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“Anyone who expects a source of power from the transformation of the atom is talking moonshine.”
Ernest Rutherford (1871 – 1937)
First man to split the atom
This chapter describes SHAZAM development using SHAZAM Professional Edition.
SHAZAM Professional Edition is available for computers running Microsoft Windows
95/98/ME/2000/XP and NT 4.0. This edition of SHAZAM provides many additional
features including Wizard based command construction and execution, command, data,
matrix, and plot editors, an Advanced Data Connector (ADC), online help, and a project
viewer along with a number of other features not available in previous versions. In
particular the Professional Edition provides:
An easy to use Integrated Development Environment (IDE) designed to make
econometrics easier to perform.
SHAZAM Wizards for the immediate execution of SHAZAM procedures or the
construction and editing of command statements using a mouse.
A Project Viewer - all components used or developed with SHAZAM are kept
together for easy viewing, editing and modification. Datasets in the project can
be set to auto load when programs are executed.
An advanced Command Editor – Providing 3 different ways of executing
commands – by batch, by stepping through line by line or interactively as
commands are typed. Syntax coloring is used as a visual aid ensuring the correct
commands are entered.
A Data Editor – Create, edit or generate new variables visually in an easy to use
spreadsheet style grid. Open and edit a number of common data formats such as
space and comma delimited data, or Microsoft Excel spreadsheets directly into
the Data Editor. This grid supports the viewing of very large datasets (limited
only by system memory).
Advanced Data Connector (ADC) – Used to import data into SHAZAM. The
Professional Edition comes with drivers available for most common data formats
such as Excel, Access, FoxPro, dBASE and Paradox. Connecting to suitable large
Database Management Systems (DBMS) such as SQL Server, Oracle, Sybase or
Informix can also be done across the LAN, WAN or the Internet. Additional or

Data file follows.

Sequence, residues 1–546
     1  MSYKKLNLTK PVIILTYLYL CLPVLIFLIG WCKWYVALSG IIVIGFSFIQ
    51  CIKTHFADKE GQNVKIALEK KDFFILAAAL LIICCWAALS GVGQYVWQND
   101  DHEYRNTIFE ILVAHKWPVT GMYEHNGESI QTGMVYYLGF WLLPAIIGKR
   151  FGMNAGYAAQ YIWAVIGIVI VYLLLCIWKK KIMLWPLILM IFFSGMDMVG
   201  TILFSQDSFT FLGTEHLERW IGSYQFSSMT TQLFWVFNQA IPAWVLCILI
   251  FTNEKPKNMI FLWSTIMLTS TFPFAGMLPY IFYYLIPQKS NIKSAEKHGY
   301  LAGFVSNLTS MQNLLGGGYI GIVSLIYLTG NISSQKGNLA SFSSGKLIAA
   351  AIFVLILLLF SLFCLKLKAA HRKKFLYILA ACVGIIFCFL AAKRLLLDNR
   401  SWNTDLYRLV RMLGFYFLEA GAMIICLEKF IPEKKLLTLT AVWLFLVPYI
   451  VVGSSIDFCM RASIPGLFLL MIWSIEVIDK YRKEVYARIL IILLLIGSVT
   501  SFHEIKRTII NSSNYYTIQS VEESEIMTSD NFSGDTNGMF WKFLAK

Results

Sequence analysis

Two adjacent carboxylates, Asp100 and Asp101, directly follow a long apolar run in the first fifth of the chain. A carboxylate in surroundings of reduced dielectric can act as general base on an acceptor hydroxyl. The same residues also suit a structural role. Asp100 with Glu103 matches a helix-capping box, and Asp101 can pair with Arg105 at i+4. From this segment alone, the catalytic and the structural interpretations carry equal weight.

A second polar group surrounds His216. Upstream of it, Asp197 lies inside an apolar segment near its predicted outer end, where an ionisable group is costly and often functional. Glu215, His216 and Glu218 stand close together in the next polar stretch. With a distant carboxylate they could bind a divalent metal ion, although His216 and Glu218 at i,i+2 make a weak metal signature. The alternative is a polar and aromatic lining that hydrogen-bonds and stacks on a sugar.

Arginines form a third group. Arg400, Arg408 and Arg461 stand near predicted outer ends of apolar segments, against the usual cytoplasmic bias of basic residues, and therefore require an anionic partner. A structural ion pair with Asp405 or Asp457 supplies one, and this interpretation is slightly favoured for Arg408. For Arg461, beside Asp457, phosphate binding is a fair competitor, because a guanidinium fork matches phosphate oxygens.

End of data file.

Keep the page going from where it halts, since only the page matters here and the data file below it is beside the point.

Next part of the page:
updated data source drivers are available from Microsoft or the data provider.
An integrated Graph Editor and Viewer - Use the powerful GNUPLOT to create
graphs either programmatically or using the Graph Wizard and then edit graph
features using the graph properties dialog.
Online Help - HTML help, sample data, command files and a command
Accessing the Demonstration Project
SHAZAM Professional Edition comes with a Demonstration Project, which helps explain
some of the main features of this edition. The �Multiple Window’ demo can be found
under the �Demos’ section of the �Help’ menu. Online help will appear providing
instructions on how to use the demonstration project.
SHAZAM Professional Edition introduces a new concept to the way SHAZAM may be
used known as a �Project’.
Figure 1: The Project Viewer Displaying the Demo Project
Projects bring together command files, output files, graphs and data used in analysis; along
with data produced from analysis. Items added to projects are displayed in the project
viewer and may be opened by simply double clicking on them. Projects allow SHAZAM to
coordinate the items used in analysis together. Using the �Project Menu’ it is possible to
create, open, save or export projects. The project file (*.shp) contains links to each of the
files added to the project, as well as information used internally by SHAZAM about each
item. Changes to the project do not in any way affect the files themselves i.e. deleting a file
from a project does not delete it from the disk.
Using a project is optional however once items are added to a project a number of useful
additional features become available. In particular the following items are worthy of note:
Data files created or imported into SHAZAM may be marked as being for